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"He'll just have to hit bottom." That bit of outdated advice can be terrifying. How do clinicians trying to help the person with an addiction who refuses to set foot in our office render assistance?
“He’ll just have to hit bottom.”
That bit of outdated advice terrifies the family and friends of the person with an addiction who refuses treatment, because they know that “bottom” may be serious injury, overdose, or death. Although well-described methods are available for managing the person with an addiction who agrees to come into treatment with a support group of family members and/or friends, sometimes an in-office evaluation is refused out of hand.1,2 So how do we, as clinicians trying to help the person with an addiction who refuses to set foot in our office, render assistance?
First, the message to the concerned family and friends should be that the time to act is now-whether or not the person with addiction comes in to the office. Second, we should model for loved ones of the person with an addiction an attitude of urgency combined with an acknowledgement of the situation’s complexity, because barring an immediate threat, there is little possibility for legally coerced treatment. Those who care can push the person with an addiction towards treatment, while still maintaining an attitude of respect for his or her autonomy, life choices, and preferences.
Psychiatrists can teach the family and friends how to recognize an immediate danger and access the appropriate level of care for a threat to the life of the person with an addiction. For instance, helping loved ones understand what an opioid overdose looks like, how to use naltrexone, and when to call 911, would be the first orders of business for someone with an opioid addiction. Or, for the individual who may or may not be in withdrawal from alcohol, informing the family about the signs and symptoms of alcohol withdrawal and alcohol poisoning educates them about what a true emergency is, and what presentations may be dealt with less urgently. The bottom line, however, is that any immediate threat to the person’s life should result in a call to 911.
Once the immediate threats are delineated, family and friends should be educated about the typical course of addiction, available treatments, and the best way to convince their loved one to accept an evaluation and eventual treatment. It is usually helpful to find out how those who care about the person with an addiction think about the addiction problem, and what they have tried up to this point. Often, families will have unrealistic or simply inaccurate views about addiction, or express (understandable!) anger if the person with an addiction has lied to them. Once these matters are on the table, the clinician can support any productive strategies already in place, counter any mistaken understandings, and suggest a specific plan for advancing treatment.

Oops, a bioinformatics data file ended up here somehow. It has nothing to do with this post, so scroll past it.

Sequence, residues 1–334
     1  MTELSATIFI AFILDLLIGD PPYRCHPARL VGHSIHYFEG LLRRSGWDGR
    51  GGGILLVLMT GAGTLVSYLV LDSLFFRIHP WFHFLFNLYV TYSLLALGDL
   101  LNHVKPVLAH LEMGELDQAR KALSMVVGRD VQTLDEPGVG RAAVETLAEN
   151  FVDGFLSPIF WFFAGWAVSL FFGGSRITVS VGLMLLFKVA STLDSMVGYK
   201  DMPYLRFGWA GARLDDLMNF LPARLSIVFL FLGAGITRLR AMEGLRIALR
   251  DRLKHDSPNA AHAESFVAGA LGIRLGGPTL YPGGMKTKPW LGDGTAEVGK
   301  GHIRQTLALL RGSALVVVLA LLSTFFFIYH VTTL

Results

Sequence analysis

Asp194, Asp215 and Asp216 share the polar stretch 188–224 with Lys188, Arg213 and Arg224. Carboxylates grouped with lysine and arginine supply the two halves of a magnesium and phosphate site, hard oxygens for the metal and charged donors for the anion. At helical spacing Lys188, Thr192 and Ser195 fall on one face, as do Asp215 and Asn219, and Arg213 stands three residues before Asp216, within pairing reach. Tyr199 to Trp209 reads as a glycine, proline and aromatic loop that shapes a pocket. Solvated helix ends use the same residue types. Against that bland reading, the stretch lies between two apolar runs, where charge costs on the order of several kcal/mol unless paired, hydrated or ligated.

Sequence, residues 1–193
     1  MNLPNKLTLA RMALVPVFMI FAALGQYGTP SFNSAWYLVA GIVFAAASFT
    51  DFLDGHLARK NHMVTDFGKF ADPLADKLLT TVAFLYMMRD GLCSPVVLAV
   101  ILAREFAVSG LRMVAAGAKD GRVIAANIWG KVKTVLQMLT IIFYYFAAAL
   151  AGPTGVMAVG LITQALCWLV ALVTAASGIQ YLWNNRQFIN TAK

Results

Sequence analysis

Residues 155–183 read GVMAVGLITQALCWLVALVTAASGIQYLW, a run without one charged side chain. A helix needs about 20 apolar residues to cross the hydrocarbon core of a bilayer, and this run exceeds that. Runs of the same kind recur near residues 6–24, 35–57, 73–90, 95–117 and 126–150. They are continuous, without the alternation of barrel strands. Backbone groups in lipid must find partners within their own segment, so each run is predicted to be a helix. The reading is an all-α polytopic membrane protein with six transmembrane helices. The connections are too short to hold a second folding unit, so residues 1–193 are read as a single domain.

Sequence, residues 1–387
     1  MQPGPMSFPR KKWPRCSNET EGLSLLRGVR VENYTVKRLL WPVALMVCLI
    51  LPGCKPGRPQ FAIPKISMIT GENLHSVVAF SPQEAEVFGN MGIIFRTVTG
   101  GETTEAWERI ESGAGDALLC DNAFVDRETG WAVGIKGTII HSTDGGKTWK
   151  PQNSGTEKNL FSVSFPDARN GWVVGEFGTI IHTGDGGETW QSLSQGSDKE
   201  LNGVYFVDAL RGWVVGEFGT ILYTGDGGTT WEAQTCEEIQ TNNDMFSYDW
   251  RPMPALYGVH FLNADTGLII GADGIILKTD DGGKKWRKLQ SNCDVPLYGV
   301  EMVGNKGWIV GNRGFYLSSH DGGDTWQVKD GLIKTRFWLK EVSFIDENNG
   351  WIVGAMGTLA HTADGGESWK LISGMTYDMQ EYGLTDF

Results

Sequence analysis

Family members who have been manipulated by a person with an addiction for money or other support are often angry and resentful. But by providing the family with psychoeducation-specifically, approaches that are likely to be helpful but also protect the family from being further abused-one can reassure family members and bring them into a makeshift “treatment team.” For example, offering to drive a family member to AA, or arranging insurance for a detox stay, or simply providing a hot meal and a chance to talk are all effective in supporting a recovery-focused view, but do not endanger the giver. By contrast, handing the person with addiction cash, allowing him or her to stay in one’s home, or even paying for an expensive treatment stay can all lead to families feeling taken advantage of and needing to protect themselves.
The “Intervention” model
Families sometimes believe that the best, and sometimes only, way to confront the person with addiction is via the “Intervention” model they have seen on television.3 Although based on the influential work of Vernon Johnson,4 this model is hardly the only way to address an addiction problem in the family and can be counterproductive. Rather than using the dramatic and sometimes complicated “Intervention,” family and friends can be coached to ask about the particular problems they observe and explore possible avenues for help.
Teaching a non-confrontational communication style can be a revelation for family members bound up in hardened patterns of blaming/shaming interactions with their loved one. Role-playing is often helpful in a situation like this, as families and friends often question how they should respond to specific retorts from the person with an addiction. One example:
Roger: I don’t need your help. You know I’ve been using a lot less lately, and I’m going the right direction.
Angela: I can see, that, and I’m very glad about it. But given the heroin out there that’s laced with fentanyl, I worry about you overdosing even as you’re starting to turn the corner.
Roger: Nah, I’m really careful. And anyways, you’re my sister, not the hall-monitor!
Angela: I know, I know! I won’t even bother trying to twist your arm, but I can still worry about you! And we found a treatment program that accepts your insurance and can see you this afternoon.
Angela has been coached to acknowledge the strides that Roger has made in cutting down his use, but also remains realistic about the remaining dangers of his heroin use. And, she has learned to reassure her brother that she has no ability or intention of controlling him but does have a very specific recommendation for getting help. This sort of respectful but persistent pressure for treatment will be better received than demands or directives.